Forté technical tips – Timing belt in oil systems (TBIO)
Timing-belt-in-oil (TBIO) or ‘wet belt’ systems – that are fully-encased in the engine – were introduced to meet emissions targets, reduce the weight of components and the engine’s overall size, and make it as efficient as possible.
Already in use by Ford, Volkswagen Group and PSA, TBIO systems are designed to last the life of the vehicle, however, more recently manufacturers have introduced a timing belt change interval to ensure the engine is protected from belt failure.
Aside from helping the manufacturer lower carbon dioxide from their official new car emissions figures, they do not perform in a superior manner. Many car drivers are familiar with wet timing belt issues – particularly because their replacement adds a significant cost to servicing bills.
Nonetheless, running a low oil level, lack of servicing or using the incorrect oil on engines with timing belt in oil systems could have an adverse effect on the lifetime of the ‘wet belt’, making the quality, specification and cleanliness of the engine oil paramount.
Vehicles running low mileage and short start-stop journeys do not expel the moisture and fuel parts from the crankcase as they rarely reach normal operating temperature. As the oil degrades, acidity increases affecting the properties of the belt.
Additionally, using start-stop systems alongside timing belt technology presents its own challenges for the lubrication system, as start-stop events increase by tenfold in a vehicle’s lifespan. Wet timing belts tend not to snap, but their teeth become detached. Even if a severely weakened belt is still serving its purpose, these fibrous remnants can enter the oil pump strainer, causing a loss of oil pressure.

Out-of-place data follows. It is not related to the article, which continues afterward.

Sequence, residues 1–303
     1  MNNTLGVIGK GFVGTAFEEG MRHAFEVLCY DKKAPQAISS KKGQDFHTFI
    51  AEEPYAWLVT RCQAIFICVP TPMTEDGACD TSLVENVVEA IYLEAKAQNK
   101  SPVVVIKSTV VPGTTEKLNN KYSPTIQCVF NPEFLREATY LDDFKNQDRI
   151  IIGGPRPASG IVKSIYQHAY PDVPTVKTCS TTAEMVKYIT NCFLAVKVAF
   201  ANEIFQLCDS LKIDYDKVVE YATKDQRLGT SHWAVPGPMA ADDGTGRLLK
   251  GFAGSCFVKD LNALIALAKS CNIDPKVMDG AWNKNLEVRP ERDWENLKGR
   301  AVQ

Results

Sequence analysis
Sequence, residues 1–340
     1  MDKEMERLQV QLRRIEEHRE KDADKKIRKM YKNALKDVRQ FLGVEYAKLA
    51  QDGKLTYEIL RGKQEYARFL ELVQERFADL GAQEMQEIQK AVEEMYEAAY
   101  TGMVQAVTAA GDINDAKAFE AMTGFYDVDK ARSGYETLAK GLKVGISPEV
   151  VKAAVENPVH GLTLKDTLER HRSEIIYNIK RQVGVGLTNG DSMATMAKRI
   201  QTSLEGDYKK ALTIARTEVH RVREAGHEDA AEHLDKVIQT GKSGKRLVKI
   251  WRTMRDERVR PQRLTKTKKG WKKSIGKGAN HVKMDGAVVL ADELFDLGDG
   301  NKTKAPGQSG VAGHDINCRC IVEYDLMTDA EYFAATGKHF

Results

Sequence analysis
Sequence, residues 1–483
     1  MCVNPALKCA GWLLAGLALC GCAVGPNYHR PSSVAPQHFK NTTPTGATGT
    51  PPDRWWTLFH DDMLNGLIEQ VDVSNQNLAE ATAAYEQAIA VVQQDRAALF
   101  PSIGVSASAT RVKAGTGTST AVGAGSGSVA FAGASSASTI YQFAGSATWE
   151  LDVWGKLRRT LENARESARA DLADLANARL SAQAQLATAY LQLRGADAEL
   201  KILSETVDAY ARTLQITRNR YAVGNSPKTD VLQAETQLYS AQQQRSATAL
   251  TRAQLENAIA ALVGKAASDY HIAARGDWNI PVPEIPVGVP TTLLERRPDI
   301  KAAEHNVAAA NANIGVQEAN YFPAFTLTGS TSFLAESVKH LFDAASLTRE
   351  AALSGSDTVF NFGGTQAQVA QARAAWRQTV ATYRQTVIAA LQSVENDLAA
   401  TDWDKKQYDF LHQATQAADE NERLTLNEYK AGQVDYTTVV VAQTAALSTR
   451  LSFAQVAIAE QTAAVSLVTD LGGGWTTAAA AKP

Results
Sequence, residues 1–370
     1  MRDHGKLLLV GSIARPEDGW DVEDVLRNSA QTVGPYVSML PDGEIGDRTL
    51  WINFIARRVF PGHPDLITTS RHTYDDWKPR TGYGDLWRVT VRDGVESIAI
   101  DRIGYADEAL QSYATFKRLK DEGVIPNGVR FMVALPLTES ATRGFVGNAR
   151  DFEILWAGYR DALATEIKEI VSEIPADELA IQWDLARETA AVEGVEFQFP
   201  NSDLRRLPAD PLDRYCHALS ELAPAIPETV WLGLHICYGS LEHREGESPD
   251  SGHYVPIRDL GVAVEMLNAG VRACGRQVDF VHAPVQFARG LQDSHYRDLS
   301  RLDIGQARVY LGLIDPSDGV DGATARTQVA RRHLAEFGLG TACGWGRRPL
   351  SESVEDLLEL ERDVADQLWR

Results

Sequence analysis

For that reason, check the belt’s replacement interval and conduct a visual inspection at service. The belt should be replaced sooner for a vehicle covering fewer than 10,000 miles per year, with most journeys being shorter than six miles. Moreover, be sure that the correct oil is used during servicing that complies with the manufacturer’s specifications. Different timing belt lubricants may contain chemicals that attack the belt, so always prioritise a manufacturer’s specification.
ADDRESSING THE CHALLENGE
Forté New Generation Engine Flush addresses the challenge of cleaning and protecting engines fitted with TBIO technology and start-stop systems, as well as tackling oil contamination resulting from the increased use of biodiesel and ethanol-based fuels and the fitment of EGR and after-treatment systems.
Formulated with an improved blend of cleansing agents, dispersants and anti-wear agents, the product increases cleaning and moisture emulsification removal throughout the lubrication system. The advent of TBIO systems, alongside technologies such as start-stop and exhaust gas after-treatment, means there has never been a more important time to flush an engine to protect and preserve these critical components.
New Generation Engine Flush removes sludge, varnish and lacquer caused by the effects of biodiesel and ethanol-based fuels, as well as the heightened soot loading of the engine oil through the use of EGR and exhaust after-treatment systems.
Not only this, but it also ensures optimum oil flow to critical moving parts – a vital factor to ensure engines with start-stop systems are adequately protected. The product is compatible with internal drive belt systems. By effectively flushing the oil system, it also stabilises cylinder compression to restore lost engine power.
NEW GENERATION ENGINE FLUSH IS RECOMMENDED FOR:
✓ WET BELT (TBIO)
✓ SCR / ADBLUE
Find out more at www.forteuk.co.uk